I knew it wouldn’t be easy, but I never dreamed it would be this hard. I’m not sure it’s supposed to be. In fact, I’m not sure of anything anymore. People keep saying, “It will get better.” But, it isn’t and that makes me think I’m doing something very wrong. I’m not the teacher I thought I’d be. Not even close. I’m becoming the teacher I swore I wouldn’t be. No, it’s not getting better at all and for someone like me, that spells disaster.

There are things I wish I could make people who don’t suffer with chronic anxiety and depression about those of us who do. I wish there was something I could say or do to make them realize that we react differently to most things than those fortunate enough not to suffer. People like me, who fight this awful monster, feel things differently. We see and hear things differently. We understand and process things differently than virtually anyone else. A situation which a non-sufferer might be nothing more than an inconvenience or an annoyance might literally be a life-altering turn of events. Minor setbacks for most are major pitfalls for us. sad apple

So, if all of that is true, then what do you need to know? What do you need to do or say? How can you help? The short answer is, you can’t and please stop trying. When people like me hear people like you say things like, “It will get better,” that only makes us feel worse. You see, when things are supposed to get better and don’t (and they often don’t), it makes us feel like we’re doing something wrong. Remember what I wrote before? I know you mean well and that you’re trying to help, but please understand that you’re not.

The other thing you need to know and understand is that, to me, my reaction is perfectly logical and normal. I understand that in your mind I should be able to simply brush off difficulties and let things pass. In your mind, when people say and do things that hurt me, I should be able to simply let those things slide “like water off a duck’s back.” But, it doesn’t work that way for me. I wasn’t born with that switch in my head that allows me to turn feelings, thoughts, and emotions on and off like a lamp. My brain doesn’t work that way. I take everything — EVERYTHING — personally because, to me, everything IS personal. It’s the way I think. It’s the way my heart works. Should I change that? Maybe, but as yet, I haven’t figured out how.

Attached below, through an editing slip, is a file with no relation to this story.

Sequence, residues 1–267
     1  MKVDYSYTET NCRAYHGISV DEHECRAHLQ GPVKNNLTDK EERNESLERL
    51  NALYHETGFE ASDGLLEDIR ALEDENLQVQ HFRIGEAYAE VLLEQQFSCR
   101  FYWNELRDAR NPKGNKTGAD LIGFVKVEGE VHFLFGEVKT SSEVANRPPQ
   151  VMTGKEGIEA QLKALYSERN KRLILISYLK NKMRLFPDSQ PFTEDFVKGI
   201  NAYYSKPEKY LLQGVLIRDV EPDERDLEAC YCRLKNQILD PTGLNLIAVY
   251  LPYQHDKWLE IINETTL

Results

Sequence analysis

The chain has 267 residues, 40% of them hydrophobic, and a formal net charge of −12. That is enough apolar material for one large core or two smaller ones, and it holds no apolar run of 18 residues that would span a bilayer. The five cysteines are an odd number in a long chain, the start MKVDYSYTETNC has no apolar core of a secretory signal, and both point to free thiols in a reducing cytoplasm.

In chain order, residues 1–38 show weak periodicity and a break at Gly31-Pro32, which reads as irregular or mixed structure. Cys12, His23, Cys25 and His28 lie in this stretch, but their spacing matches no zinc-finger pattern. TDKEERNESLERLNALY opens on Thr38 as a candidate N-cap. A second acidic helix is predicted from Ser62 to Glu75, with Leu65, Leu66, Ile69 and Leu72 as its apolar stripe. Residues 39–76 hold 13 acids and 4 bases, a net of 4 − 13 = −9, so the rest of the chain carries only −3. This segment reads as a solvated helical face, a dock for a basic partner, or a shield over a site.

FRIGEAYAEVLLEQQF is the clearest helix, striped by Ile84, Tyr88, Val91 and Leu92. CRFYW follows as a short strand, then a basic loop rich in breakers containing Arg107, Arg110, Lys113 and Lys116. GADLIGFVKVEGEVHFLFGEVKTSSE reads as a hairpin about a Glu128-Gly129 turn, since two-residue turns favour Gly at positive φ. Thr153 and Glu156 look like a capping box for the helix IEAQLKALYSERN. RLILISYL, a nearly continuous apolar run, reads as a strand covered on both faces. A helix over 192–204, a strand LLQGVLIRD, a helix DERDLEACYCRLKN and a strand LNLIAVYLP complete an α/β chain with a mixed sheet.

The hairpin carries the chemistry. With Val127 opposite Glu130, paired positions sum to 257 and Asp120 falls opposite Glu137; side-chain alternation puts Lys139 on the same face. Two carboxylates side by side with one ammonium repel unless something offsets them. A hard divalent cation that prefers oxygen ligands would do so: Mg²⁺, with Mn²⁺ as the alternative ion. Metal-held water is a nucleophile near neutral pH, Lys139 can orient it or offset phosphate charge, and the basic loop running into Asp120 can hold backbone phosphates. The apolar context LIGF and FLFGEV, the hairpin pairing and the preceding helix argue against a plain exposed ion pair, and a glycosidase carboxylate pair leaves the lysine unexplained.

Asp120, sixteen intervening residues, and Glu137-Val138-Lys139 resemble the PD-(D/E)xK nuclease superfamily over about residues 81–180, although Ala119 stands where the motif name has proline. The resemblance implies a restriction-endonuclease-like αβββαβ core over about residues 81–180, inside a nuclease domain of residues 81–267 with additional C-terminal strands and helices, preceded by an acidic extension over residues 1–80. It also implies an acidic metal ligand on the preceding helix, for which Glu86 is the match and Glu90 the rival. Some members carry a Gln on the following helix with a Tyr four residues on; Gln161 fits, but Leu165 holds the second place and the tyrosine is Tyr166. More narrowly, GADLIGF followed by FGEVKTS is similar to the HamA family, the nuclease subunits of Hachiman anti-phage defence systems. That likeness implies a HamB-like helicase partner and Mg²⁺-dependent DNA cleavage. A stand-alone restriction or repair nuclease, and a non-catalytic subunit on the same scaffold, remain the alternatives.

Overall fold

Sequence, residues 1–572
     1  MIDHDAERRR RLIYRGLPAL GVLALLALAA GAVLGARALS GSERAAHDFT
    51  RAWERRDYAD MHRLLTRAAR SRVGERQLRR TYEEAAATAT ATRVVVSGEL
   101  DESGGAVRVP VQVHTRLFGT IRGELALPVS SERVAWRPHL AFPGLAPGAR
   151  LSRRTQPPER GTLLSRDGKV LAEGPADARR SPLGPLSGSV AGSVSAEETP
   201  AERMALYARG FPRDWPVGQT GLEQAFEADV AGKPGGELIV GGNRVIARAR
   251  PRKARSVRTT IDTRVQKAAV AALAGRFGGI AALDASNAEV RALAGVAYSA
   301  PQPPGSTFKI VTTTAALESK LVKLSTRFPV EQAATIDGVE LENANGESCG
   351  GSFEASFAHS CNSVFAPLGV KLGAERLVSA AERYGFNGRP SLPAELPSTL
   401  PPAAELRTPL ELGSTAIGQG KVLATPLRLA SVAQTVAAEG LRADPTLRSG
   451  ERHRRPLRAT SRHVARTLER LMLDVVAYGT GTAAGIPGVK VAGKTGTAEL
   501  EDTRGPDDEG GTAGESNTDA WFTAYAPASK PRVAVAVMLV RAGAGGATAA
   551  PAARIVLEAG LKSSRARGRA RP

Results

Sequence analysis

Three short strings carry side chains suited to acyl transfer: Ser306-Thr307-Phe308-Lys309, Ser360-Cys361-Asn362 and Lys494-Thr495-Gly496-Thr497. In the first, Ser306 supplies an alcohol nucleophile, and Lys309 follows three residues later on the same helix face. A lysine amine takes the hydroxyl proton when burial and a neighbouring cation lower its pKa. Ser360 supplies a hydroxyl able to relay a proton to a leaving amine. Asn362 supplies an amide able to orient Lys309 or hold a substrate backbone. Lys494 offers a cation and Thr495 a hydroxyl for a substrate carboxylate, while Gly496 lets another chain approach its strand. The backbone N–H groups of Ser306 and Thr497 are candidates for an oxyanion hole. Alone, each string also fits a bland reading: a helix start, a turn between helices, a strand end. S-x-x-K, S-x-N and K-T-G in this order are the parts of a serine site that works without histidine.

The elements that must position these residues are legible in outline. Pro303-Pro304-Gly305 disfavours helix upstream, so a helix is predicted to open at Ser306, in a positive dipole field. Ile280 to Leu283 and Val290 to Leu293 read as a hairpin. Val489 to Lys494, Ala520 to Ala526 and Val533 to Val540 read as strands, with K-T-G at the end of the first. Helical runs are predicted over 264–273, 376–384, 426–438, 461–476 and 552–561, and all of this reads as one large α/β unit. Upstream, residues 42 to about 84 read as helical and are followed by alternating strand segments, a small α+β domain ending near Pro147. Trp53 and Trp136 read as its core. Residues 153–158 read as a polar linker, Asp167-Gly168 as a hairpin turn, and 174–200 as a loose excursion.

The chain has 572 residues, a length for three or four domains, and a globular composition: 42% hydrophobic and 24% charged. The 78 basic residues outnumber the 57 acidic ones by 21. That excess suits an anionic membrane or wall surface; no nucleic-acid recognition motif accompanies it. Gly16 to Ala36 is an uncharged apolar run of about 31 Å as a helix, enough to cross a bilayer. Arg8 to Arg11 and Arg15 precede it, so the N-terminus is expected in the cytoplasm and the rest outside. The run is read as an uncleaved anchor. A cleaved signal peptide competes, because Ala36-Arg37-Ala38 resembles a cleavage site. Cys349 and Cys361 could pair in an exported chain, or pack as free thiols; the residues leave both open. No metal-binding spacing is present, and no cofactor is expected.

It’s not getting better. It’s just not and I don’t see it getting better anytime soon. Please stop telling me it’s going to get better. I know you mean well, but you’re not helping. Please stop telling me to “be positive” or “look on the bright side” or “be grateful that [I] have a job.” Of course I’m grateful to have a job. I never said I wasn’t. But, I’m stressed beyond belief. I’m working myself sick and I don’t see any light at the end of the tunnel. All you’re doing when you say those things to me is making me feel like I’m doing something wrong.

We’re different. We respond to things differently. Please accept that and save your judgment.

Jason’s Inferno

When I was in elementary school we had what was called Fire Safety Week every year. Firefighters from the local department would come to the school and talk to us about how to prevent fires and how to react to them should they occur. Apparently, I need a refresher course.

I arrived home this evening around 6:00 and immediately began preparing supper. I was making taco salad. Everything was ready — the meat, the veggies, sour cream, salsa — everything but the chips. So, I put some tortilla chips on a small cookie sheet and popped them in the oven under the broiler. When I closed the door I turned around, filled an empty ice tray and put it back in the freezer. I turned back around (less than one minute later) and saw flames leaping from the burners on the stove top. I knew that none of them were on. That’s when I saw the soft amber glow in the window of my oven door.

The chips, the chips, the chips were on fire!!

I quickly reached and turned the broiler off and removed the pan of meat from the top of the stove. I decided that since I didn’t have a fire extinguisher the best thing to do would be to get the cookie sheet out of the oven and dump it in the sink to run water over it. (If the front door had been closer I would’ve taken it outside.) I forgot about the movie Backdraft. When I opened the oven door, the sudden rush of air sucked the flames back into the oven and out the door. I closed the door quickly. As long as the door was closed the inferno was relatively controlled. I tried again but the same thing happened. It was then I realized I might be in trouble. There was no way I was going to be able to put the blaze out, my apartment was filling with smoke, and I’m pretty sure smoke inhalation was setting in.